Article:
News ‘Broken promises’: Thousands left stranded overseas as PM slammed for ‘doing nothing’

‘Broken promises’: Thousands left stranded overseas as PM slammed for ‘doing nothing’

Scott Morrison
Scott Morrison has made a new pledge about Australia's troubled COVID vaccine rollout. Photo: TND
Twitter Facebook Reddit Pinterest Email

The government has admitted thousands of Australians wanting to come home may be left stuck overseas until at least the end of the year, with scorching criticisms that Scott Morrison has “broken promises” to get them all home by Christmas.

But as he faces claims of “doing nothing”, the Prime Minister has defended the government’s record and placed the blame with state governments for imposing caps on international arrivals.

“Stranded Australians are looking for some honesty and some action from their Prime Minister today. Instead, all they get from Scott Morrison is excuses,” Labor senator Kristina Keneally said.

Mr Morrison spoke at a virtual press conference on Thursday. Photo: AAP

On Thursday, officials from the Department of Foreign Affairs and Trade revealed nearly 37,000 Australians waiting overseas had registered hopes to come back with the department.

But only about 29,000 places on flights and in hotel quarantine will be available between now and Christmas, meaning 8000 people may be stranded overseas until 2021.

Hundreds or thousands more may still be waiting in their 14 days of hotel quarantine on Christmas Day.

The Senate committee also heard from Australians stuck overseas, who said they were left frustrated at a lack of government support.

The revelation comes two months after Mr Morrison said he wanted to  “get as many people home, if not all of them, by Christmas”, and Health Minister Greg Hunt said the government wanted “to ensure that every Australian who wants to come home is home by Christmas”.

Mr Morrison defended his work on Thursday, pointing to his government having supported flights, provided Australian Defence Force support in hotel quarantine, and provided 24/7 consular help for those stuck overseas.

Senators Katy Gallagher and Kristina Keneally  listen to Australians giving evidence via video. Photo: AAP

“Australia is moving everything we possibly can to get as many Australians home,” he said.

Mr Morrison also defended his September promises by claiming he was referring to “the numbers we currently had registered at that time”.

He added some 35,000 Australians had returned since September, boasting the government had “exceeded” its goal.

But of that number, just 14,000 of those were on the official list at the time he made the September promise.  That means about 13,000 of September’s cohort are still waiting to get home – and they have been joined on government lists by an extra 24,000 Aussies.

Senator Keneally was blistering in her scorn at the numbers, calling it a “new low” and claiming the PM was sharing “deliberately misleading numbers”.

“Scott Morrison knows his promise to have stranded Australians home by Christmas was specifically to the 26,800 Australians who were registered as stranded with DFAT on 18 September. He knows only 14,000 stranded Australians have come home,” she said.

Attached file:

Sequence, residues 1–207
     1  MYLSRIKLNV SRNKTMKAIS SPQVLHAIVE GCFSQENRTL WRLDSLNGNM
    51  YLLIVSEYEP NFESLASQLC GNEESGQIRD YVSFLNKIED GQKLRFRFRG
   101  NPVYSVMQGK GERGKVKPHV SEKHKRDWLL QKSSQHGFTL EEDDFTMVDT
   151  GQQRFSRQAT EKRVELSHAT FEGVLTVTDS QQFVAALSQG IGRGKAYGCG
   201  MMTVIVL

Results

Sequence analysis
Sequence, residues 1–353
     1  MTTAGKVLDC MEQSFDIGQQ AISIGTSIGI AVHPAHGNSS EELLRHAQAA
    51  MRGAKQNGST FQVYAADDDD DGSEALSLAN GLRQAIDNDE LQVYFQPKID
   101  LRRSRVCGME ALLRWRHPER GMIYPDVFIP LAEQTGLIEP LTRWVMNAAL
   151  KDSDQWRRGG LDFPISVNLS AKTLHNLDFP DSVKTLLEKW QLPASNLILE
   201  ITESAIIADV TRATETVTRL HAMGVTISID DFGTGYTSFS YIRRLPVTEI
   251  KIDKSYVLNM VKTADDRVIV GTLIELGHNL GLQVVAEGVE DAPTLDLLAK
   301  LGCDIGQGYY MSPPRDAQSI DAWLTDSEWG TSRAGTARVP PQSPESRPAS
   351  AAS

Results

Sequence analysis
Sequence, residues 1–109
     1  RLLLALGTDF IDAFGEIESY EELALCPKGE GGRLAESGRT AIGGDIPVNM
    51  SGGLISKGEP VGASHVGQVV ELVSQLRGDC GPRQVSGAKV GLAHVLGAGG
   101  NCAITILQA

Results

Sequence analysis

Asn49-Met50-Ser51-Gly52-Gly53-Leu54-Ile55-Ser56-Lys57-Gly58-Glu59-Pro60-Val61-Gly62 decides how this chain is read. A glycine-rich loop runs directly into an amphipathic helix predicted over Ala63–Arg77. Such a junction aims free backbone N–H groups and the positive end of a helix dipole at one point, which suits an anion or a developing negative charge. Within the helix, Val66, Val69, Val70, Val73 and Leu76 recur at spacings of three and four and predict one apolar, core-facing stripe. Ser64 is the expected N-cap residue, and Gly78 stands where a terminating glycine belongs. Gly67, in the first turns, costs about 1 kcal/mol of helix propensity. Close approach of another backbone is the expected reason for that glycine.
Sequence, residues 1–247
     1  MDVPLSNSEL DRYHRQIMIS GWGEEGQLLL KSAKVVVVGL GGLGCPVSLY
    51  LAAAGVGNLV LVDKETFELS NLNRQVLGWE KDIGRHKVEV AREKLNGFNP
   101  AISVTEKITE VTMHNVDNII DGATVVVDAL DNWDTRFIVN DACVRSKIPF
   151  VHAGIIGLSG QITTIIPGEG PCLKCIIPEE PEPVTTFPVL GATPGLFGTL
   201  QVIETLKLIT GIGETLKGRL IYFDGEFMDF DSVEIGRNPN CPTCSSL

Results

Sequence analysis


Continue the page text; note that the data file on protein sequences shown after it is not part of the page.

The senator accused the Prime Minister of “broken promises” and “passing the buck”.

Kristina Keneally was livid at the news. Photo: AAP

But Mr Morrison said the increasing number of people wanting to come home was part of the problem.

He protested it was the states putting “constraints” on airport arrivals and hotel quarantine, and said that Services Australia staff had spoken to many of those wanting to come home who were happy to delay their trips.

“Many of those have recently told us, well no, we can come back next year,” Mr Morrison said.

“The ability to get people home to Australia depends on the available quarantine capacity.”

However, DFAT knew of the very problem of the line getting longer.

Officials told another parliamentary committee on September 2 the department “expects that the number of Australians registering an interest in returning will continue to increase”.

Mr Morrison said limits on hotel quarantine places were a major factor. Photo: Getty 

Foreign Minister Marise Payne, appearing alongside the PM, would commit only to trying to get “as many Australians back in Australia before Christmas as we can”.

Liberal MP Trent Zimmerman said it was “unacceptable” that Australians remained stuck overseas, but also pointed the finger at quarantine caps.

“Fundamentally, this is an issue of the state caps remaining in place at the levels they are,” he told ABC TV.

“We’ve put on line the facilities in the Northern Territory but really, the Commonwealth can’t act alone. We do need the states to be leading the way on this.”

Senator Keneally accused the government of shirking its responsibility.

“The federal government is responsible for our international borders,” she claimed.

“Scott Morrison must stop passing the buck on quarantine to the states, just like he did with the Ruby Princess and aged care, and take responsibility for our national quarantine arrangements to safely bring more stranded Australians home.”

Labor MP Amanda Rishworth added: “I think blaming the states and territories when there are Commonwealth assets available is not good enough.”